Check out this video with Rob Watson, a green building leader often referred to as the Father of LEED. Watson discusses general green building and current market trends. Towards the end of the video, he kind of eases into a discussion of Serious Materials, but that’s okay because Serious Materials is a legit company in terms of sustainable building materials. Most recently, Serious Materials took the category award at 2008 GoingGreen 100 for green building materials. I’ve transcribed some of the interesting quotes from this video below:
University of California, San Diego is in the process of installing Solar Trees by Envision Solar on the roofs of two of its parking garages. The Solar Trees are designed to provide clean energy for the campus, shade for vehicle parking, and future infrastructure for electrical vehicles. Each Solar Tree at UCSD will generate more than 17,000 hours of clean energy per year, which is enough to power more than four single-family homes. In aggregate, with two parking garages topped with Solar Trees, you can imagine the power they’re generating.
There's an interesting story to the green building certification of the historic Mutual Building in Lansing, Michigan. Not only did it receive LEED Platinum certification in both the LEED-CS and LEED-CI ratings systems, making it the world's first building to do so, it's also an historic building that's been preserved, renovated, and certified. People will, in all likelihood, discuss the building's double platinum certification, but I think it is more commendable and noteworthy that they did all that in the context of a building listed on the National Register of Historic Landmarks. It's quite incredible …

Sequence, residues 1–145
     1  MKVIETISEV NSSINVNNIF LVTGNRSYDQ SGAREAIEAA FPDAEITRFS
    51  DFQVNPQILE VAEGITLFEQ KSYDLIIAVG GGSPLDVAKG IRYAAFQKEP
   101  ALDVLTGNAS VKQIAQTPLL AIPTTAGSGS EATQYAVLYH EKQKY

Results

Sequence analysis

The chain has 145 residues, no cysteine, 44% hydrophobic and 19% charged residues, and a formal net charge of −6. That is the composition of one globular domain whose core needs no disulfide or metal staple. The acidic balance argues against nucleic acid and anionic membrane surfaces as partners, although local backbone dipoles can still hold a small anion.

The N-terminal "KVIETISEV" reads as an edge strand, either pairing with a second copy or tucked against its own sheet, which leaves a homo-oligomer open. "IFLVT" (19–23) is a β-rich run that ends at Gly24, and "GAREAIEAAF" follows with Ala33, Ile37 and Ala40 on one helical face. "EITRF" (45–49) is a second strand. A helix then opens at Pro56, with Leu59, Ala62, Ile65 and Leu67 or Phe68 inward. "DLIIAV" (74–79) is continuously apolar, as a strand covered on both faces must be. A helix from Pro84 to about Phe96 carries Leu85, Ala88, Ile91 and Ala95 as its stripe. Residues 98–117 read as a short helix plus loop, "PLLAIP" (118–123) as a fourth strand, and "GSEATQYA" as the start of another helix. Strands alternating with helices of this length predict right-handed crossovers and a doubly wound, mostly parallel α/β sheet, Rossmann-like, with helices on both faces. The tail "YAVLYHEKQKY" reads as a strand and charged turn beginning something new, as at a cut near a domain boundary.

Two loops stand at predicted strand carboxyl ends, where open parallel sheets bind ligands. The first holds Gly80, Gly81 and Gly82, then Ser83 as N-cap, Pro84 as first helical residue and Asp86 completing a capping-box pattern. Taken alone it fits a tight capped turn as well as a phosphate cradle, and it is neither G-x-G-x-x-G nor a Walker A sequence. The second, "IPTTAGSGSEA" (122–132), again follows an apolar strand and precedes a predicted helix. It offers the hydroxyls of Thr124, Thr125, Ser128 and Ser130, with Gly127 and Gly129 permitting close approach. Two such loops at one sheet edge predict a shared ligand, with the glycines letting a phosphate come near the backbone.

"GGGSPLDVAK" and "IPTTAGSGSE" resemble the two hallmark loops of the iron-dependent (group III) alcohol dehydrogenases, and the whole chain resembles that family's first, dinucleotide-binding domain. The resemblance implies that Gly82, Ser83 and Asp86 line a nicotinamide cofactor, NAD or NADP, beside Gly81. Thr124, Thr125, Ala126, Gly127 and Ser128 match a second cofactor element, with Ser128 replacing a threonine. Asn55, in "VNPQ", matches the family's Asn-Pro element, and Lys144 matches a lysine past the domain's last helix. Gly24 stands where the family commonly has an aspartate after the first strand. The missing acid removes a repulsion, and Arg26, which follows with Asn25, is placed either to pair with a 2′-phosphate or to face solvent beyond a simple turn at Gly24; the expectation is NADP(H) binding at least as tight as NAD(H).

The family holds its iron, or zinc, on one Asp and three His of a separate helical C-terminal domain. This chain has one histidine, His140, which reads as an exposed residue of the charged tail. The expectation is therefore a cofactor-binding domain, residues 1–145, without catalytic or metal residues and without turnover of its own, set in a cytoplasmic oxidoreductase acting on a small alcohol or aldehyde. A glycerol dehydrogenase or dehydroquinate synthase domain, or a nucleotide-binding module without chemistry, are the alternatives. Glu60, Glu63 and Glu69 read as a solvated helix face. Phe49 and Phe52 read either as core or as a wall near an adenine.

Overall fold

- NRDC Report: Green investment now = 2 million jobs.
- Demand is growing for low-impact "green" homes.
- Building integrated solar cells could make solar more attractive.
- Nature is inspiring green design for pretty much everything!
- Eco-friendly loft project reuses industrial site.
- Green buildings gaining steam, albeit slowly.
- Sustainable buildings are virtuous, but they can be ugly.
- Oregon building opts for Green Globes instead of LEED.
- Can a building be LEED certified without being green?
As an interesting example of adaptive reuse, I thought it would be fun to showcase the design of Menefee + Winer’s office in Atlanta, Georgia. Located at 1075 Brady Avenue near Georgia Tech, the 4,100 sf building used to be bland, gray muffler shop (see bottom) — but now with its vibrant colors and fierce shape, how about the transformation? This LEED Silver building is also, interestingly, the first LEED-NC certified architect’s office in Georgia. Here are a few things they incorporated through the gut rehab: